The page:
On The O'Reilly Factor, Bill O'Reilly was challenged by one of the "kids" who reportedly sent him mail "over the holiday," who asked him: "[I]n the first sentence of Chapter Three [in Kids Are Americans Too] you say the Constitution guarantees 'life, liberty and the pursuit of happiness.' Isn't that from the Declaration of Independence?" While O'Reilly praised the writer for asking an "excellent question," he did not acknowledge the false suggestion in his book that the phrase appears in the Constitution.
Bill O'Reilly responded to viewer complaints about his calling Hearst Newspapers columnist Helen Thomas a "pinhead," by saying: "This woman is a pinhead. She's been a pinhead for decades. She will always be a pinhead. And I'm calling it the way it is." O'Reilly went on to assert: "She is consistently anti-American in her point of view." Fox News anchor Laurie Dhue then responded: "And she certainly has been in the last several years," adding: "Increasingly so."
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On his Fox News show, Bill O'Reilly stated that Warren Buffett "was not being truthful" when he said that, in Kirsten Powers' words, "he doesn't think his secretary should be paying a higher tax rate than he is." O'Reilly asserted, "His secretary isn't paying a higher tax. ... Mr. Buffett gets no salary. He gets return on his interest. And he gets capital gains tax at 15 percent. That's what it's taxed as," adding that Buffett was "being deceptive because he doesn't make a salary." But Buffett has acknowledged that most of his income is not salary, saying, "Most of my income is taxed at 15 percent, and doesn't pay a payroll. Mainly it's dividends and capital gains."
On The O'Reilly Factor, Bill O'Reilly stated, "Fox News turns down blatantly anti-American ads. We just turned one down recently." Fox News recently refused to air an advertisement produced by the Center for Constitutional Rights (CCR) that claims the Bush administration is "destroying the Constitution" through its use of renditions, torture, and other tactics. However, in an email provided to Media Matters by CCR, a Fox News account executive told CCR that Fox would not run the ad "with it being [narrator] Danny Glover's opinion that the Bush Administration is destroying the Constitution. If you have documentation that it is indeed being destroyed, we can look at that."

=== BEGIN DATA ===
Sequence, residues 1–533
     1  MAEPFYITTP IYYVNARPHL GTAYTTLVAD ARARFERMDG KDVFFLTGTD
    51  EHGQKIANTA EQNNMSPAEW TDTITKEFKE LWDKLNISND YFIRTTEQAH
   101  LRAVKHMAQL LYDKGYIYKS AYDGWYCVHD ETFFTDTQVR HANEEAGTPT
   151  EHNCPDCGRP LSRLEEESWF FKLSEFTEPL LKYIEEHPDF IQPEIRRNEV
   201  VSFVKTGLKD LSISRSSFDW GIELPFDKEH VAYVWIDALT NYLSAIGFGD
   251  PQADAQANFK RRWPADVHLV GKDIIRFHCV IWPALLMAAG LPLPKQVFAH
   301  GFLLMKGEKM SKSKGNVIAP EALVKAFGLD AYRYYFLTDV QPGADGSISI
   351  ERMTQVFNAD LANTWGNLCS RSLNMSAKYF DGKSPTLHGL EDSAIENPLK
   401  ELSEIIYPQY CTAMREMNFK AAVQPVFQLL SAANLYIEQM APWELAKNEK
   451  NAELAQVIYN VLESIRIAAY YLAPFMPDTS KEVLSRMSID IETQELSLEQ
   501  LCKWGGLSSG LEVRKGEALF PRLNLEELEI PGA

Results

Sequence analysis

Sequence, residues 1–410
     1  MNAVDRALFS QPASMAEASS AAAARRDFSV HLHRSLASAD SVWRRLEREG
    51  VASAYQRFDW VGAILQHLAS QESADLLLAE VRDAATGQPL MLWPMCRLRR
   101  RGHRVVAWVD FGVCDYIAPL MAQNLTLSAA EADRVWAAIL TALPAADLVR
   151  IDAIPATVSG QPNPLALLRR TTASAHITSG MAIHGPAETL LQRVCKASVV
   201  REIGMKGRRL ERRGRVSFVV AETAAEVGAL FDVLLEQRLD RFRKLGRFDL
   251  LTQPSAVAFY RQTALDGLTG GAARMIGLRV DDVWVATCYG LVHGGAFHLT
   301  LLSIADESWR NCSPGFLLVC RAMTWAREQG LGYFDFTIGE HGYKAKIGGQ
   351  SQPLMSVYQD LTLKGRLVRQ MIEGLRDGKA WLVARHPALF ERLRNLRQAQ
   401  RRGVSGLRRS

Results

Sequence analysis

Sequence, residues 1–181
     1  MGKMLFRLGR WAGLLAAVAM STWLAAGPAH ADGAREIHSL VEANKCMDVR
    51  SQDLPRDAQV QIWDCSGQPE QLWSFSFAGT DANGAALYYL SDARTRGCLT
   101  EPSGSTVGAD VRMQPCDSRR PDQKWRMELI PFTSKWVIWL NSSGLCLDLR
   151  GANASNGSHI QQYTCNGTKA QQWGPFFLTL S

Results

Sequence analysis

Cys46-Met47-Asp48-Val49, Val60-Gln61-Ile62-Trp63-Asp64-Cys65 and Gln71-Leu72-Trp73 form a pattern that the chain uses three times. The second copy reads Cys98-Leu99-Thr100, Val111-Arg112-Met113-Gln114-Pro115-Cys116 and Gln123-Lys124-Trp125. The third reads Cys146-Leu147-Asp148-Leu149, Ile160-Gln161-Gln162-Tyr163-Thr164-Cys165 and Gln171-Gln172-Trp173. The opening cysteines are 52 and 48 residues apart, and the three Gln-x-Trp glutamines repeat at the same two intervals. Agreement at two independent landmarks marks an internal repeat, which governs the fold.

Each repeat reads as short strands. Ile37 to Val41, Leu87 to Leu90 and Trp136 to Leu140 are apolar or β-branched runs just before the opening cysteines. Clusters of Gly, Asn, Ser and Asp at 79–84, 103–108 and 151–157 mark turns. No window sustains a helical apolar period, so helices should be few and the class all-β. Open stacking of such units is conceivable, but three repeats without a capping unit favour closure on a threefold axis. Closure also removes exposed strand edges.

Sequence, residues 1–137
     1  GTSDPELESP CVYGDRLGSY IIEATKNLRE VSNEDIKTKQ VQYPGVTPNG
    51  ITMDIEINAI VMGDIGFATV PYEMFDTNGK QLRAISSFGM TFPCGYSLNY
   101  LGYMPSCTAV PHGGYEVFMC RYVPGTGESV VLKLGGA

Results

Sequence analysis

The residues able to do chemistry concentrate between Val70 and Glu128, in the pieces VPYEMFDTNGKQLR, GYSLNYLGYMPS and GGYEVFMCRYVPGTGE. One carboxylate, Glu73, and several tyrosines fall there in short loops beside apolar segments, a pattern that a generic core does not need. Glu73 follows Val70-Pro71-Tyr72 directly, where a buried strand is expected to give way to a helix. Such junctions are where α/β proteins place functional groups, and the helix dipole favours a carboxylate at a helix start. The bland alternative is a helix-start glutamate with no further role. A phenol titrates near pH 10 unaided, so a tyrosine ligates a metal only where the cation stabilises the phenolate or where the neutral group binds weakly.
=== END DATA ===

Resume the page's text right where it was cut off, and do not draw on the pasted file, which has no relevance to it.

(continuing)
Bill O'Reilly accused The New York Times of "rooting for a recession," citing a Times article reporting on both the possible positive and negative effects of a recession. But O'Reilly did not note an article in The Wall Street Journal -- owned by Fox News' parent company, News Corp. -- with the headline "Recession Fears Weigh Heavily on the Markets," nor did he mention that FoxNews.com columnist Susan Walker penned a column headlined "5 Reasons Why We Are Closer to a Recession."
During an O'Reilly Factor discussion of a lawsuit over two employees fired for speaking Spanish in the workplace, Republican strategist Kellyanne Conway said: "[W]hat starts out as maybe the person doesn't speak English, getting -- putting mayonnaise instead of mustard as you requested on your sandwich is one day going to blossom into two air traffic controllers who don't speak great English because political correctness has made us appoint them to those positions. They're going to have two planes crashing in the sky." In fact, the federal law prohibiting workplace discrimination contains an exception for "instances where ... national origin is a bona fide occupational qualification reasonably necessary to the normal operation of that particular business or enterprise."
On The O'Reilly Factor, Newsmax.com chief Washington correspondent Ronald Kessler falsely claimed that Sen. Barack Obama and Sen. Hillary Rodham Clinton "voted to give Osama bin Laden the same rights that Americans have when it comes to intercepting his calls, even if he made calls within Pakistan, to Pakistan. They voted in August to not revise the FISA act." In fact, Obama and Clinton both voted for legislation sponsored by Sen. Carl Levin that would have amended FISA to allow warrantless wiretapping of foreign-to-foreign calls, regardless of whether they are transmitted through the United States.